One of the really wonderful things about numismatic study is the way that coin types frequently look back to what came before. People are naturally conservative about the appearance of their money and find it easier to put faith in the value of coins that have the backing of tradition and public sentiment as well as of the issuing authority. Thus throughout the history of coinage, old typological friends, some of whom may have seemed long lost have had an uncanny way of coming back, sometimes even after very long intervals.
For centuries after the death of Alexander the Great, kings and cities copied his widely circulating tetradrachms with the types of Herakles’s head and seated Zeus. So closely were the types associated with Alexander, that the image of Herakles soon became treated as his portrait in the guise of Herakles and continued in use long into the time of the Roman Empire. From time to time Roman emperors explicitly restored old and trusted denarius types while some of the towers depicted on Medieval deniers may ultimately take their inspiration from the ubiquitous “camp gate” types of the late Roman Empire. Somewhat more recently, the laureate head and seated female figure on the state coppers of Connecticut struck from 1786 to 1788 are suspiciously similar to the portraits of King George II and III and seated Britannia reverse of the well-recognized British halfpenny.
Perhaps to be counted among the most remarkable of these reuses and resurrections of earlier types are the copper dirhams struck by the Turkoman rulers of northern Mesopotamia in the twelfth and thirteenth centuries AD. Despite the general tendency to avoid figural types on Islamic coins for reasons of religion, the Turkoman coins are rife with images—many of which seem to be modeled on ancient coin types.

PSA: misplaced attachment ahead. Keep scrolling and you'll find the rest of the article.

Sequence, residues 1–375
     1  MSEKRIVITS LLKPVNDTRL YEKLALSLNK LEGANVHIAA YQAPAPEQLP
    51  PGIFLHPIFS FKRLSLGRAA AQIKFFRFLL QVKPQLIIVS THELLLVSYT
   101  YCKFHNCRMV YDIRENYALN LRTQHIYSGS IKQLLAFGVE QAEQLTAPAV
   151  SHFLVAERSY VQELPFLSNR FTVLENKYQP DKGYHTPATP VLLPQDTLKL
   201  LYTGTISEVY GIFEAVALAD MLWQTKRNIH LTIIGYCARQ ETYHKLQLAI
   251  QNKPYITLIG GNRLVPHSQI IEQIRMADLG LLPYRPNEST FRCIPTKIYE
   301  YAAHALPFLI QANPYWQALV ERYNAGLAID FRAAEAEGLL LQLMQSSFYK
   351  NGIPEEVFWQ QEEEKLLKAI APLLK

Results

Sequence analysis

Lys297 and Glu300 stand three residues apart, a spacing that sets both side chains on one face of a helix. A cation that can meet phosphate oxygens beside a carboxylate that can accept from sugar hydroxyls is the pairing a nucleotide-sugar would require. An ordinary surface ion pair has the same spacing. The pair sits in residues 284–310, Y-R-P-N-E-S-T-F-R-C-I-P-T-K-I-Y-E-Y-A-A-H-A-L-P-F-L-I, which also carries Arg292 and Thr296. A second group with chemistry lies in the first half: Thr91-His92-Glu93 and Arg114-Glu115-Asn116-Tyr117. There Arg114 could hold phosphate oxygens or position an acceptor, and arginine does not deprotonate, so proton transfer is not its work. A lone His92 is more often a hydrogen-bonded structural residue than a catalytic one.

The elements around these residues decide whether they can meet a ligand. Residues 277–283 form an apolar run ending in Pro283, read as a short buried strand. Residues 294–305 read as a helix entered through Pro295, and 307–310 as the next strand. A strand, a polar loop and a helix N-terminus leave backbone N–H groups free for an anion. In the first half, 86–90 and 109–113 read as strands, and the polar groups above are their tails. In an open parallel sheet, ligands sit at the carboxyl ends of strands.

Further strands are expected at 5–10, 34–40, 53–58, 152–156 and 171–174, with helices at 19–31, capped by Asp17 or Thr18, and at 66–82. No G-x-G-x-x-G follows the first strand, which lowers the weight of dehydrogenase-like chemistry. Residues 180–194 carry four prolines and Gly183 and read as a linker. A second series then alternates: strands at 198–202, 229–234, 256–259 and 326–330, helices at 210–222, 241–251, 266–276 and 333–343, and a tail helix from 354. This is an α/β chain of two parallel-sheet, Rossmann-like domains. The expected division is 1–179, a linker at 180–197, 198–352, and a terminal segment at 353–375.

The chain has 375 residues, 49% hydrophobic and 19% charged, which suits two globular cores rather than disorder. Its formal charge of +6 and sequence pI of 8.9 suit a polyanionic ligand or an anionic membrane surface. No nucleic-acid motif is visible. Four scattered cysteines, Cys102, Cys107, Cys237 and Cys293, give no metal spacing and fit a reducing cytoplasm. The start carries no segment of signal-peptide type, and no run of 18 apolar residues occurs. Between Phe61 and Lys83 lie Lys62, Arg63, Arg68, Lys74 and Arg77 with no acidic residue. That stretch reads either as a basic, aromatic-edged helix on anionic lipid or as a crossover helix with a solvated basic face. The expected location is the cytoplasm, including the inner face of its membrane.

One might argue (and I would) that two of the most interesting Turkoman types based on ancient models are the bronze dirhams struck by the Artuqid Turkoman dynasties of Mardin and Hisn Khayfa which take the royal portraits of Seleucid tetradrachms as their prototypes. At Mardin, the coins of Husam al-Din Timurtash (AH 516–547/AD 1122–1152) and his son Najam al-Din Alpi (AH 547–572/AD 1152–1176) take the portrait issues of Antiochus VII Sidetes (138–129 BC) as their model while at Hisn Khayfa, the coins of Nur al-Din Muhammad (AH 571–581/AD 1175–1185) seem to look to tetradrachms of Antiochus IV Epiphanes (176–165 BC) or Antiochus V Eupator (164–162 BC).
Exactly why these Seleucid types (and other ancient types) were resurrected under these Artuqid Turkoman rulers remains rather mysterious. As the Seleucid presence had disappeared from Mesopotamia already in 130 BC (coincidentally with the death of Antiochus VII) and the Turkomans employed a wide variety of ancient coin motifs, the answer cannot have been to illustrate continuity with the past (except in the very broadest of terms) and thereby express legitimacy. Indeed, the portrait of Antiochus VII was doubled for another issue of Najam al-Din Alpi. This double portrait has been interpreted as a representation of the astrological sign Gemini, which would then clearly indicate that the image of Antiochus VII was not used by the die engravers under Alpi and Timurtash because they knew who he was or the ancient kingdom that he represented, but merely because his appearance was suitable to their own numismatic purposes and they had one of his coins ready at hand as a model. The coins of antiquity came out of the ground in the farmers’ fields and building projects of the Middle East just as easily in the 12th century AD as they do today.
The Artuqid coins with Seleucid prototypes are an interesting example of the direct impact that ancient coins could have on much later coinages—even those of rulers who were not direct heirs of the Greco-Roman cultural tradition. At the same time, they are also a remarkable footnote in the early history of Seleucid numismatic study. As late as the 1790s the Antiochus VII type of Husam al-Din Timurtash was still occasionally included in European collections and antiquarian numismatic works dealing with the Seleucids out of ignorance that the reverse legend was Arabic and significantly postdated the end of the Seleucid dynasty in 63 BC, let alone the reign of the king depicted on the obverse.